You’re shitting me. It’s Wednesday, and I have links for you??? You bet your ass! All of the following links deal with the “x-treme” – x-treme movie-going, x-treme weather, and x-treme pooping. Are you excited? I’m excited! Let’s do it!
Tracy Moore for Jezebel: How I Learned To Stop Worrying And Love Pooping During Childbirth
Lately, my writing has taken a somewhat scatological turn, so it’s no wonder that I practically fell off my chair when I was reading this. I have written before about how I believe humor – especially humor written or performed by women – can be an effective way to challenge stereotypes and give the kyriarchy the big “fuck you.” Also, laughing is fun.
From the piece:
The theatrics and agony of labor are about many things both literal and symbolic, but let us all agree right here and now that they are about transitions and releases. Therefore, the poop must come out. And it must be ushered in joyously, as gently as Nature’s Pillow, as the Big Finish to nine months of gassy purgatory. And as we all know by now: That which cannot handle the poop surely cannot handle the scoop!
And the scoop is this: I’m afraid there are no easy answers here. But really, going forward, now that you’ll have this baby, I think that’s a good theme for everyone involved to get used to – the no easy answers thing. And the poop. So, go ahead: Release the Kraken!
I died. I really did.
Brady Potts for Sociological Images: Should We Be “Like 1900”? Probably Not.
This week marks the sixth anniversary of Hurricane Katrina’s landing on the Gulf Coast, and Sociological Images has been memorializing the event with a series of posts about the disaster. All of them are worth a look, but this one in particular talks about the evolution of disaster response in the U.S., especially in light of Congressman Ron Paul’s recent assertion that FEMA is unnecessary, and that disaster response should be modeled after the response to a hurricane in 1900 that devastated Galveston, Texas. Potts’s analysis is quite astute, and I really, really enjoyed this piece.
Potts describes the disaster response in Galveston:
So, for instance, some of the citizens of Galveston who survived the storm were given liquor for their nerves and pressed into service at gunpoint by local authorities to clear dead and putrefying bodies from the wreckage; some were later partially compensated for their time with a small sum of money. Property owners, however, were exempted from mandatory clearing of debris and corpses.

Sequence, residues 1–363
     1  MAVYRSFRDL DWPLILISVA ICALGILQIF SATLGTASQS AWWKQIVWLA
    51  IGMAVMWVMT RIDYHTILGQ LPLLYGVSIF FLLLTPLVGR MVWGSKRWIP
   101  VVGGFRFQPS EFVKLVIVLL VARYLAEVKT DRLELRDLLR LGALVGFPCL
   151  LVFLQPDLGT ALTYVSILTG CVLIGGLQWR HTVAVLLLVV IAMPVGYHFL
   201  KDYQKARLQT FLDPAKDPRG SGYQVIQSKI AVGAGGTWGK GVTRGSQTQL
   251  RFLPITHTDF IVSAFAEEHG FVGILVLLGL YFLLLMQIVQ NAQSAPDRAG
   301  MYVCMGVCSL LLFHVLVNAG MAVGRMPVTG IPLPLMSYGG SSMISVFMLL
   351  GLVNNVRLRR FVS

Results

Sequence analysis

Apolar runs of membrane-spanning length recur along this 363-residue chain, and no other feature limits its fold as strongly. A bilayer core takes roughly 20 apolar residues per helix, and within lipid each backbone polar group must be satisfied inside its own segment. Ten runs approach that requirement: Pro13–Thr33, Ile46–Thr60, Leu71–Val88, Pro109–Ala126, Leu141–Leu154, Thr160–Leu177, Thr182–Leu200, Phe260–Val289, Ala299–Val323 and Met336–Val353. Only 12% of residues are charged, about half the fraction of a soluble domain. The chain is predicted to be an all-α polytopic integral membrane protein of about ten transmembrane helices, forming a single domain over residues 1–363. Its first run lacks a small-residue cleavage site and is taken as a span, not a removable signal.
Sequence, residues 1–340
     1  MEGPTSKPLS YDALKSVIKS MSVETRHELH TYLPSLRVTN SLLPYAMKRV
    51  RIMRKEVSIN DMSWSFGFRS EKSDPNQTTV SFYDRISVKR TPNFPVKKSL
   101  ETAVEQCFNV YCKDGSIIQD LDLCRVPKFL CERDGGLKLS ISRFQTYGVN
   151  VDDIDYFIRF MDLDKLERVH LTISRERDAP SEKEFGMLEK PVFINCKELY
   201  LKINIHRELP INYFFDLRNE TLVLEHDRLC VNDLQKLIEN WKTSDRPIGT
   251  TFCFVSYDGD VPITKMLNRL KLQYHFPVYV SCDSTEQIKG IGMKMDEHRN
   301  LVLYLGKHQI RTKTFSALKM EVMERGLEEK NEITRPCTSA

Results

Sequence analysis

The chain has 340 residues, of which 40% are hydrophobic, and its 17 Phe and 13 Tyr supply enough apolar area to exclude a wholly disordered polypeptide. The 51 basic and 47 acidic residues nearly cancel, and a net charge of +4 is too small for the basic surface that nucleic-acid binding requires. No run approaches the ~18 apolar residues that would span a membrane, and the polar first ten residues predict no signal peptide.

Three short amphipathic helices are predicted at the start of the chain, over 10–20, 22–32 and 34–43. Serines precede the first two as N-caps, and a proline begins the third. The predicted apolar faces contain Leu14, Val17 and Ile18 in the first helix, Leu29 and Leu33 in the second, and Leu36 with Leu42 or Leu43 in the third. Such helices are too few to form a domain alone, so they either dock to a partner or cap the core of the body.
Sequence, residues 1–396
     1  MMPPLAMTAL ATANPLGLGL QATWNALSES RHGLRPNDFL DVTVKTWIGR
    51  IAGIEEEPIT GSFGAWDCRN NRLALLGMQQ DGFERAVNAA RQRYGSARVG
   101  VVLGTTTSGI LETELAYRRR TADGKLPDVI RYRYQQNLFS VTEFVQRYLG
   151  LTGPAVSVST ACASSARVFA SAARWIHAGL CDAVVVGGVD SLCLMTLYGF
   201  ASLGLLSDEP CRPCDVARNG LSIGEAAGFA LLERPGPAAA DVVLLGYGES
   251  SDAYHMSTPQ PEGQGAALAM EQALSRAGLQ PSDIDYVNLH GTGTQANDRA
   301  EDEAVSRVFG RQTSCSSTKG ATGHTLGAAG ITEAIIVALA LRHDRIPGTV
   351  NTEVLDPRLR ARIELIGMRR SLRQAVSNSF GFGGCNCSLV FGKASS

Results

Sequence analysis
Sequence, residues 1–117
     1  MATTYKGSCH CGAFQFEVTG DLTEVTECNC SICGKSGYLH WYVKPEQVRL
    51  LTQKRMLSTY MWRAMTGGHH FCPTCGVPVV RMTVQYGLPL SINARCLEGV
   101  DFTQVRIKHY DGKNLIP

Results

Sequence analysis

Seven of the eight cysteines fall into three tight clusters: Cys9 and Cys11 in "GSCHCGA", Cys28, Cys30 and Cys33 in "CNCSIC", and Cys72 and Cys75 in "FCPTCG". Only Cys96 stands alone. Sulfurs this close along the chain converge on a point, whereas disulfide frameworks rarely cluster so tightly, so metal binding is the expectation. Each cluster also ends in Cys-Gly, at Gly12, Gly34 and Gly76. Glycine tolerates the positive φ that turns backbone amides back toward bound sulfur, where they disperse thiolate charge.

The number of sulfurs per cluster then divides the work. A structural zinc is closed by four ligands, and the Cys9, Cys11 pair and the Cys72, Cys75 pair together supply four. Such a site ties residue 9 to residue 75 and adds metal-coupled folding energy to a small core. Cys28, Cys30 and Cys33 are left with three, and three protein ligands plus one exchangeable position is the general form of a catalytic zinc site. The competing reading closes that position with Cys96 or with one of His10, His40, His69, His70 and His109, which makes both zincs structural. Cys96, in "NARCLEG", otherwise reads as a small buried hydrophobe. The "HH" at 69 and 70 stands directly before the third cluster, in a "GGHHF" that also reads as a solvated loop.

Capital idea! Get traumatized citizens drunk, and then force them to clear away wreckage and dead bodies at gunpoint! Good thinkin’, Ron Paul!
Go and read the rest of the piece, though. It’s really enlightening to compare the way disasters affect us now to the way they affected us a century ago.
Larry Fahey for The Rumpus: Return of the Movie Binge
This is by far the most fun and creative movie review I’ve ever read – and I read FILM CRIT HULK! Basically, our friend Larry spends a day theater-hopping on one matinee ticket. Seven movies in one day. Holy smokes. And this would be a fun concept on its own, but it’s made so much better by the fact that Fahey is amazing. Take the beginning of his review of Rise of the Planet of the Apes (which I’m totally psyched about, by the way):
I always think of science fiction as our most earnest genre, and for me it’s often an uncomfortable union of big ideas and ridiculous execution. Take Star Trek, for instance. How can I seriously consider the weighty philosophical issues so often promoted in science fiction when I have to look at aliens that are nothing but homely character actors wearing plastic foreheads? I can’t, is the answer. Over and above budget consideration, even the most revered science fiction movies are often marred by heavy-handed symbolism that undermines any interesting themes. For me, the gold standard of distractingly earnest, homemade-looking sci-fi has always been the rubber masks and ridiculous tunics of the original Planet of the Apes.
I’m with ya, Larry.
So aside from getting seven movie reviews in one go, Larry also shares with us some of the survival techniques of extreme movie-going, including what to pack and how to avoid getting caught.
I really can’t think of a higher commendation for this piece, and if you read nothing else this week, read this one.